From family games night to an apps challenge, the University of Toronto Mississauga (UTM) and Samsung Electronics Canada are joining forces to explore and improve human interaction with technology. The initiatives are intended to prepare young people for the realities of living and working in the ever-evolving digital media environment.
UTM and Samsung are collaborating on at least two projects this year – a Design Jam and the SPARK (Sharing Possibilities for Apps in Research and Knowledge) Apps Challenge. These innovative projects are enabling students to better understand the future of digital design, the user experience and the effect of new media on society. The initiatives encourage students to apply critical thinking and collaboration skills to designing and developing new media initiatives and to rethink the way users relate to technology. As a world leader in the development of technologies that facilitate knowledge sharing, Samsung has provided SMART TVs, smartphones and tablets for these projects.
“We are excited to work with Samsung Canada on these projects that will benefit our students, our graduates and, ultimately, our society,” says Professor Anthony Wensley, director of UTM’s Institute of Communication, Culture and Information Technology. “Through our partnership, we are focusing on the skills our digital design students will need when they enter the workforce and the innovative applications that will best meet the needs of our wired and networked community.”
“Samsung is dedicated to developing products that allow people to connect and share in ways that were never before possible,” says Philippe Lozier, director business development – convergence with Samsung Electronics Canada. “By participating in these initiatives, we are not only expanding our strong community partnerships in Canada, but also enhancing the hands-on student learning experiences at UTM, instilling a passion for technology into the leaders who will drive innovation in the future.”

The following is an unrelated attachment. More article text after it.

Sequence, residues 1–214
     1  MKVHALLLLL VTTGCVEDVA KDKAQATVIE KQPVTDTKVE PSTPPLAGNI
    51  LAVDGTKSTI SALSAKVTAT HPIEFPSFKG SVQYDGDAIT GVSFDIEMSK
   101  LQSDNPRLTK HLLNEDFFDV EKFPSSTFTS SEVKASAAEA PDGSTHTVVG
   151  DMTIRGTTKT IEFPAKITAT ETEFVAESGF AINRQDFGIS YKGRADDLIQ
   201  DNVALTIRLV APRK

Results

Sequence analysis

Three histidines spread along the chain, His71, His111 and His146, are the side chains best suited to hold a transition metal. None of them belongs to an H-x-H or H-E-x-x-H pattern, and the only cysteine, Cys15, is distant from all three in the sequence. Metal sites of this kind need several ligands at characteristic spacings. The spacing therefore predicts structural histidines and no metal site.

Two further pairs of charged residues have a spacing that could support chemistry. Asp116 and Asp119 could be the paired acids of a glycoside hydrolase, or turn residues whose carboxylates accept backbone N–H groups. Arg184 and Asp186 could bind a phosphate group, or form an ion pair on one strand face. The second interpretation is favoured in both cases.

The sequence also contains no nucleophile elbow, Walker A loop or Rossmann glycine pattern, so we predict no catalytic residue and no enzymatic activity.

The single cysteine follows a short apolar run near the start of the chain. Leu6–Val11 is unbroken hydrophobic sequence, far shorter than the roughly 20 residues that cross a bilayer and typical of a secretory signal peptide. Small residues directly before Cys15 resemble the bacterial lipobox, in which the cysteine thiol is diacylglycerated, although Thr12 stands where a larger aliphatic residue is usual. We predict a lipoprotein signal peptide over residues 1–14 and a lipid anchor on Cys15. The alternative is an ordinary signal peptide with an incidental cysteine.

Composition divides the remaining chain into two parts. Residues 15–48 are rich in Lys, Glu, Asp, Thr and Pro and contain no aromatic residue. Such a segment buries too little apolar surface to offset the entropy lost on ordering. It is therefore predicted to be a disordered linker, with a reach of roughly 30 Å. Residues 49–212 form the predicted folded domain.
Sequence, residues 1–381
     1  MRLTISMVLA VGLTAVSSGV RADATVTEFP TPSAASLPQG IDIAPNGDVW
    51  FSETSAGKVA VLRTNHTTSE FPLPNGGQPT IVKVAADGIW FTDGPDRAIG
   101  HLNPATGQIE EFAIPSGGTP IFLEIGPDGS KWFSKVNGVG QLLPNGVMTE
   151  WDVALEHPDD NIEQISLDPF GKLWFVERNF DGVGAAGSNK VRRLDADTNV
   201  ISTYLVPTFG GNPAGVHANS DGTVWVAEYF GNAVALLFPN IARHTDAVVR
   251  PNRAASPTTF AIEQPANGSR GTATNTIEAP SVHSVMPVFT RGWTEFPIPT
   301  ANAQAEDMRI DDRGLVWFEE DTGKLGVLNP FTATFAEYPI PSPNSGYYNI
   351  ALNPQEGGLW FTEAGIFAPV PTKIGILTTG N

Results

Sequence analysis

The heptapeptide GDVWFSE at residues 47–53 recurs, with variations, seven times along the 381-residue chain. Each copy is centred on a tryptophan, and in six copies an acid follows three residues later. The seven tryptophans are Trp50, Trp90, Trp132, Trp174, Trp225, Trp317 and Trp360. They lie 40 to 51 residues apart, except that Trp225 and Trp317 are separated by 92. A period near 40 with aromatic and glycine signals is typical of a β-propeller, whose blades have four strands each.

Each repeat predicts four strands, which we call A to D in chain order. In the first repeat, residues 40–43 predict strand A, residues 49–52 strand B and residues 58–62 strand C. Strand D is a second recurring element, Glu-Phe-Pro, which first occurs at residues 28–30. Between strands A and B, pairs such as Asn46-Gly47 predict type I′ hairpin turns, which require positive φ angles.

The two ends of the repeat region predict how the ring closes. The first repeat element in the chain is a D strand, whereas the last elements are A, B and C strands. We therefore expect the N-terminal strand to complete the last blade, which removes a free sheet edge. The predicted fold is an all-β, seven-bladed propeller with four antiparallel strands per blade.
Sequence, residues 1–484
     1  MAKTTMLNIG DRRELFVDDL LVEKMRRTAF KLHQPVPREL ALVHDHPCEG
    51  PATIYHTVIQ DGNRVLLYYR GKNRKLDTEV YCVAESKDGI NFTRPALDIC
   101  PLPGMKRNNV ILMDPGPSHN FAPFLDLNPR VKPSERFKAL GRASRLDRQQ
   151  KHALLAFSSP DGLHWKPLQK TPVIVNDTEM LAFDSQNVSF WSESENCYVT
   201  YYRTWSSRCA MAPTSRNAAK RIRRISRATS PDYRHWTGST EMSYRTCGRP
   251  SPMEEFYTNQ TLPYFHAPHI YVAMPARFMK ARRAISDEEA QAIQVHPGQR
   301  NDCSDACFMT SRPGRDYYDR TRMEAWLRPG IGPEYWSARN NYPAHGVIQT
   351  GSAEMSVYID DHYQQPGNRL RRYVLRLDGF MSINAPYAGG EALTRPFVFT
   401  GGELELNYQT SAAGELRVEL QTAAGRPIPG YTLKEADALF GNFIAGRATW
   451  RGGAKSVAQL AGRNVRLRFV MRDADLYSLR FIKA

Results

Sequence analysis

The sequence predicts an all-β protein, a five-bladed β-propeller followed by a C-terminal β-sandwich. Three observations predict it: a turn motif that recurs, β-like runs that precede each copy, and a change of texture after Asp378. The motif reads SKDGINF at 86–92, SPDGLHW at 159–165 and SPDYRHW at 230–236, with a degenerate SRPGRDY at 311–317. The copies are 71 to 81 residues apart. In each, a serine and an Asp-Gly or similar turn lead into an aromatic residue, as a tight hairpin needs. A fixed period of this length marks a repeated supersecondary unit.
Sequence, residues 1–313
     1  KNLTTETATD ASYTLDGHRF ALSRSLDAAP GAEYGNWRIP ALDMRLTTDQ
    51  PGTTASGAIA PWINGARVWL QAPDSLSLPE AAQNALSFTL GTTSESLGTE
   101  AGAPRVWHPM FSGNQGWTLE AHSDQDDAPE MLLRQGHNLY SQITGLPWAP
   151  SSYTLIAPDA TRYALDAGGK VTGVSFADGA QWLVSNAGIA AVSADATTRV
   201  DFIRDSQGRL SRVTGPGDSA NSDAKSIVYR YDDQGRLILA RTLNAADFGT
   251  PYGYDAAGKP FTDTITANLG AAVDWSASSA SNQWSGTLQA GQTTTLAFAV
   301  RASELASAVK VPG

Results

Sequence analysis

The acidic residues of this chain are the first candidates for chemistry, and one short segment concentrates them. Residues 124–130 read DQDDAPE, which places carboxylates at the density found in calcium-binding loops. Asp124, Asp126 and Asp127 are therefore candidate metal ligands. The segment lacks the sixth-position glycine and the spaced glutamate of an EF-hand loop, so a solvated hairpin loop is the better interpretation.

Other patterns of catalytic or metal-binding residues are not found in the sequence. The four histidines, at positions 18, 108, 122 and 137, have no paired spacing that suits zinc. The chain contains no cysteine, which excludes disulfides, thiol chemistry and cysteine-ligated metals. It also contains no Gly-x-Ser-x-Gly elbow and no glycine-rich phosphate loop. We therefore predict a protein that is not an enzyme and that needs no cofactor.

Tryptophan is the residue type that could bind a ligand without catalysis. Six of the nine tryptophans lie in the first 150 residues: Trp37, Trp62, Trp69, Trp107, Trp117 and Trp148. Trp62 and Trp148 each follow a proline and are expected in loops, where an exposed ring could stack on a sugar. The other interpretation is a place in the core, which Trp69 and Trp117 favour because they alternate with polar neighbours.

The first of the projects, the Knowledge Media Design Jam, facilitated by U of T’s Knowledge Media Design Institute, focused on the question: What does a family games night in a networked home environment look like? Four teams of undergraduate and graduate students worked together to brainstorm, sketch, build wireframes and develop prototypes of digital games an entire family could enjoy. Projects ranged from a networked version of the board game Risk and family scavenger hunt to karaoke contest and multimedia game involving household chores.
One team developed a family activity that incorporated multimedia activities – such as photographing the family pet – into a networked municipal, national and global conquest game. The group envisioned a “smartTable” around which families could gather to play and share memories, images and videos of their day. Another team used a multi-player karaoke game to demonstrate how various platforms and devices could be used, instead of traditional game console systems, to play collaborative and educational games, while yet another developed a family scavenger hunt where devices became portals into Augmented Reality, hiding clues in the house.
Samsung and UTM are currently collaborating on another initiative – the SPARK Apps Challenge. High school students from southern Ontario have been invited to submit conceptual designs for apps focused on collaboration in education, business innovation or social responsibility. Early in 2012, the challenge will be extended to post-secondary students at U of T, Sheridan College and OCAD and Ryerson Universities who will be invited to submit functional prototypes. Winners will receive prizes and opportunities to further develop theirs apps for the Samsung and Android market.
These initiatives have been developed through a partnership of Samsung, UTM’s Institute of Communication, Culture and Information Technology and U of T’s Knowledge Media Design Institute. The Design Jam was hosted in September by ThingTank, a U of T-led public-private academic consortium that includes members from cultural organizations, digital media small and medium enterprises, and other post-secondary GTA institutions.